NOT Business as Usual

It’s all about the core…

…as in the Common Core. Another school year is beginning but it won’t be business as usual! Big changes are here in Washington state:

  1. New Standards: The biggest change this year is the complete rollout of the Common Core State Standards. Addressing more than just content, these new standards also include Standards for Mathematical Practice which describe processes and proficiencies teachers should seek to develop in their students. Now we can retire the 2008 WA State Math Standards and stop trying to teach two sets of standards at each grade level or course. I don’t know about you, but I am excited that we will FINALLY complete this transition!
  2. New Assessments: The Smarter Balanced (SBAC) Assessments will replace the MSP in grades 3-8. The EOCs for Algebra and Geometry will be replaced with new Exit Exams that are aligned to the CCSS. And for the first time in Washington state, high school students will be tested on math standards through Algebra 2 when 11th graders take the SBAC Grade 11 Math Assessment this spring. All of these assessments will be more rigorous than our previous assessments and will target all DOK levels.
  3. New Types of Assessments: When students take the new SBAC assessments next Spring, they will take a computer-adaptive test that will include new item types such as multi-select and technology-enhanced items. These assessments will also include a performance task that requires students to problem solve, communicate mathematically, model with mathematics and analyze data.

Big changes indeed! Along with providing information and support for teachers to implement the new standards and prepare for the new assessments, I believe there are specific actions we can take to prepare for these changes:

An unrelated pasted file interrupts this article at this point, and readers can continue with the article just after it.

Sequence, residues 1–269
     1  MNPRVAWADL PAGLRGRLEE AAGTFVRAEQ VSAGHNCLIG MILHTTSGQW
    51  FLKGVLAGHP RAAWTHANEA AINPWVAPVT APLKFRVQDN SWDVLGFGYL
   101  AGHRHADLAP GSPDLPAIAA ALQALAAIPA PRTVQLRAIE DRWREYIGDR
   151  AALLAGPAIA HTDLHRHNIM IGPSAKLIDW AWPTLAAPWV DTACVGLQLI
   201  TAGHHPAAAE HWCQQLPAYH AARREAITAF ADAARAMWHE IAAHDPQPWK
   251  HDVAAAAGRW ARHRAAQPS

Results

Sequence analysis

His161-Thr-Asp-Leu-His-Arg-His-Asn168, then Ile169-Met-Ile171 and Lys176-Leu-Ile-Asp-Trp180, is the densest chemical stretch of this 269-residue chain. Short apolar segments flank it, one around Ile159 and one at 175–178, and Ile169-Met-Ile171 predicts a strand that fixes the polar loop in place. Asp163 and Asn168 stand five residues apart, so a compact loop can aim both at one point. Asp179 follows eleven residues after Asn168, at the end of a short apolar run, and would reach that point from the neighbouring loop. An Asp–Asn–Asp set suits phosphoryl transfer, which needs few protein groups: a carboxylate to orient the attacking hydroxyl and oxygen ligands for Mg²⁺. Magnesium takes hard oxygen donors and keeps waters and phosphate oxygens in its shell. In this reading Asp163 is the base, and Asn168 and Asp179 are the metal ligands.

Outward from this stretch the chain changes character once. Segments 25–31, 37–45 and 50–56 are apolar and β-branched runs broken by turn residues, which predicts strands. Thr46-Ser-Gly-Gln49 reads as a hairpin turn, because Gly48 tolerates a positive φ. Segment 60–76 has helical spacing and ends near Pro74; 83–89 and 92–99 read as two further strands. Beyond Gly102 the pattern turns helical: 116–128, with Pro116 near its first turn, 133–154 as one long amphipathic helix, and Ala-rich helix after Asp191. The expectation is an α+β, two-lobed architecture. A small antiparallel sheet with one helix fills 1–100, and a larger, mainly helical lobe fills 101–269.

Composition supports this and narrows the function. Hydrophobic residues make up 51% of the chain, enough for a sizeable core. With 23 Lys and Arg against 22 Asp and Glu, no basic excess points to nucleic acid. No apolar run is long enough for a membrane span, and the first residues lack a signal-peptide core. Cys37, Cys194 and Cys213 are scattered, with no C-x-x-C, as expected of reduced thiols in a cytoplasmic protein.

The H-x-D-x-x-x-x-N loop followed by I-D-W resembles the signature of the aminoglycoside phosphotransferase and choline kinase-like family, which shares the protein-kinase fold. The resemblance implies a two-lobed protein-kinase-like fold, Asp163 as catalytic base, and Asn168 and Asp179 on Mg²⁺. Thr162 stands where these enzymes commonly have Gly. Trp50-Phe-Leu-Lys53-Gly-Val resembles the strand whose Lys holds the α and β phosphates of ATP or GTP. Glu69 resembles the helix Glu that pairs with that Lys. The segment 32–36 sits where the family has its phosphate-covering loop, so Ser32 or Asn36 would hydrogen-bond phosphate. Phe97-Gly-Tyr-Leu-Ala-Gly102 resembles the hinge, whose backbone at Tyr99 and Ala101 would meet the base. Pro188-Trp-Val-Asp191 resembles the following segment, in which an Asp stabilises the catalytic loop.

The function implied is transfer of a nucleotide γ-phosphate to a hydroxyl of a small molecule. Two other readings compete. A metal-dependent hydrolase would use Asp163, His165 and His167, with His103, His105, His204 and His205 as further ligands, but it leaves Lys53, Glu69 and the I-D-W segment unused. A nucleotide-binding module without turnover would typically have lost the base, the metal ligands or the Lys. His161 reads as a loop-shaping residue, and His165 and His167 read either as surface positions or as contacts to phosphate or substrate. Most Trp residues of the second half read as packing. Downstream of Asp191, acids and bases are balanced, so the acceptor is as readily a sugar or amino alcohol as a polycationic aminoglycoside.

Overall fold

1. Eliminate the regular teaching of non-grade level content. Research shows that 25% of instructional time in the typical classroom is spent teaching standards from previous grade levels. We cannot and will not find the time teachers have told me they need if we spend our time teaching content that is below grade level. I do understand the need to meet kids where they are and that the transition to new standards may leave gaps we need to fill in for kids. However, we must find ways to do this while still moving forward and teaching our grade level standards.
  2. Address Depth of Knowledge. The new standards are more complex, and the new assessments will include items and tasks at a range of Depth of Knowledge (DOK) levels. To prepare our students, we must provide opportunities for students to interact with content at a variety of DOK levels through the questions, tasks and assessments we design. In this post by Tracy Watanabe, she shares her thoughts on shifts that schools need to make to address DOK and practical strategies to promote higher order thinking.
  3. Move beyond answer-getting to sense-making. If students are going to be able to think about and use mathematics in meaningful ways, they have to make sense of it. In this talk by Phil Daro, he talks about the shift we must make from “How can I teach my students to get the answer?” to “How can I use this problem to get to the mathematics students need to learn?”
  4. Provide opportunities for TRUE problem solving and mathematical modeling. True problem solving is more than solving a word problem that contains all the information you need to answer the question. True problem solving involves situations that aren’t always so neat and tidy. Giving authentic problem solving and mathematical modeling tasks like these can create situations for us to develop the Standards for Mathematical Practice.
  5. Promote student mathematical discourse. The new assessments will require students to be able to communicate mathematically and I believe the best way to prepare students for this is to make it part of their everyday learning experience. The more we make this part of our classroom culture, the better prepared our students will be to demonstrate these skills on an assessment. Creating opportunities for student mathematical discourse will enable us to develop the Standards for Mathematical Practice.
  6. Make data-driven decisions about student learning. This means embedding formative assessment to inform instruction and help students self-assess their own progress toward the standards.

I believe focusing on these  strategies will help us implement the new standards and prepare our students for the new assessments. It’s a big task, but I think we are up for it. 🙂


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